Seymour Boardman Sy Boardman: Personal Geometries In 1953, the critic Alfred Russell wrote: “The limitations of the non-objective idiom are its vastness, its lack of measure, its all-inclusiveness.” Two years later, the representational painter Leon Golub concurred, stating: “There are no uniform or iconographic means ... through which the supra-formal aspects of such paintings could be defined.” (1) Although these two writers were criticizing Abstract Expressionism, the “limitations” of which they spoke might well be recognized as the challenges embraced by all abstract artists of the twentieth century–and which certainly were the challenges willingly taken up by Seymour (Sy) Boardman (1921 - 2005) throughout his long career as a painter. Boardman’s paintings, from the late 1940s across the turn of the millennium, were shaped by his responses to the major currents of twentieth century abstraction and the aesthetic turmoil of successive art movements of his time. Throughout his work, we observe a particular dynamic in his exploration of the potential vastness and all-inclusiveness of abstraction and his search for systematic and personal formal strategies to give definition and meaning to his paintings. He responded to the challenge by establishing the primacy of his works’ defining visual structure, often relying on sharply articulated geometric principles and shapes, even as he affirmed the personal presence of the artist through subtle and nuanced means. Each series of works he created, indeed each work within these series, engages us in the efforts of an inquisitive visual intelligence exploring the balance between the immanence of absolute being and the artist’s personal act of bringing impersonal realities into view.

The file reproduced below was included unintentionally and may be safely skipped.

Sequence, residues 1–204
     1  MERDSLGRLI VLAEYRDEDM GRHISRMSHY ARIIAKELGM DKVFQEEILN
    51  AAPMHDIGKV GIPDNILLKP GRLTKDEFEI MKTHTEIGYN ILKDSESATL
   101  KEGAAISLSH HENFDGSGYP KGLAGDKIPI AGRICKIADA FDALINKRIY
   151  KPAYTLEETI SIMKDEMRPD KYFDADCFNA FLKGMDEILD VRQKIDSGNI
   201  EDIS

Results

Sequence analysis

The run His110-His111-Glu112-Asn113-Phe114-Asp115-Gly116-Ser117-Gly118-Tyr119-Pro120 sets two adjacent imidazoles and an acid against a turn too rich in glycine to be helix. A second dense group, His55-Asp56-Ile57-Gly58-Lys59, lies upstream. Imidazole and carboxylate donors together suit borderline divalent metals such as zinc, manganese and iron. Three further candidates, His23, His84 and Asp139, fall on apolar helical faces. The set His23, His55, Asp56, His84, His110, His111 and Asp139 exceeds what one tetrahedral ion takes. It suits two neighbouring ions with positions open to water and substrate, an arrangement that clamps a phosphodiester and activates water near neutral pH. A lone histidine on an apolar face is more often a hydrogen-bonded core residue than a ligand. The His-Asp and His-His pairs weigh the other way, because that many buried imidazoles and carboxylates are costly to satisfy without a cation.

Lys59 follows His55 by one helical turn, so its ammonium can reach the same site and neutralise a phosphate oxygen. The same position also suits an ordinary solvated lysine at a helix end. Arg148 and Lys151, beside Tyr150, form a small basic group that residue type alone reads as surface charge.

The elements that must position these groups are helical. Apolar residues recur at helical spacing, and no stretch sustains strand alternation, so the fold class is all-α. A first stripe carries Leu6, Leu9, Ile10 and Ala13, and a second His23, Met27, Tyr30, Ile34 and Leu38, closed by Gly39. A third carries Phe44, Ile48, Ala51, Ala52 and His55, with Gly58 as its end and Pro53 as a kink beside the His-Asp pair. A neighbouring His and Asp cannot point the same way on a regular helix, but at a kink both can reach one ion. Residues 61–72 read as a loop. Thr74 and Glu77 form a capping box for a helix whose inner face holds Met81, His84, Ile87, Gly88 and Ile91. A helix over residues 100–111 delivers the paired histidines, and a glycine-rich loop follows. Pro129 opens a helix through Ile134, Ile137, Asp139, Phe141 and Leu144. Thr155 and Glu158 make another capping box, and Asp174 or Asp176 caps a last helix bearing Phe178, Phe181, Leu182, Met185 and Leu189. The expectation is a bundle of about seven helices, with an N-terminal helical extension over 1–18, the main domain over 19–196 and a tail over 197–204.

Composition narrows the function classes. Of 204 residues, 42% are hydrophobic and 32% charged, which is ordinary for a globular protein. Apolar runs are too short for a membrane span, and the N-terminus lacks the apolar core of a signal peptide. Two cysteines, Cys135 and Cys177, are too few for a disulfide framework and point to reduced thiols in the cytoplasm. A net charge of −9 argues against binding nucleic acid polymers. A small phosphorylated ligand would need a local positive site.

The Red and Green, 1959, Oil on Canvas, 20” x 24 1/3” 7


Seymour Boardman

Totem, 1959, Oil on Canvas, 72” x 38 1/2” 8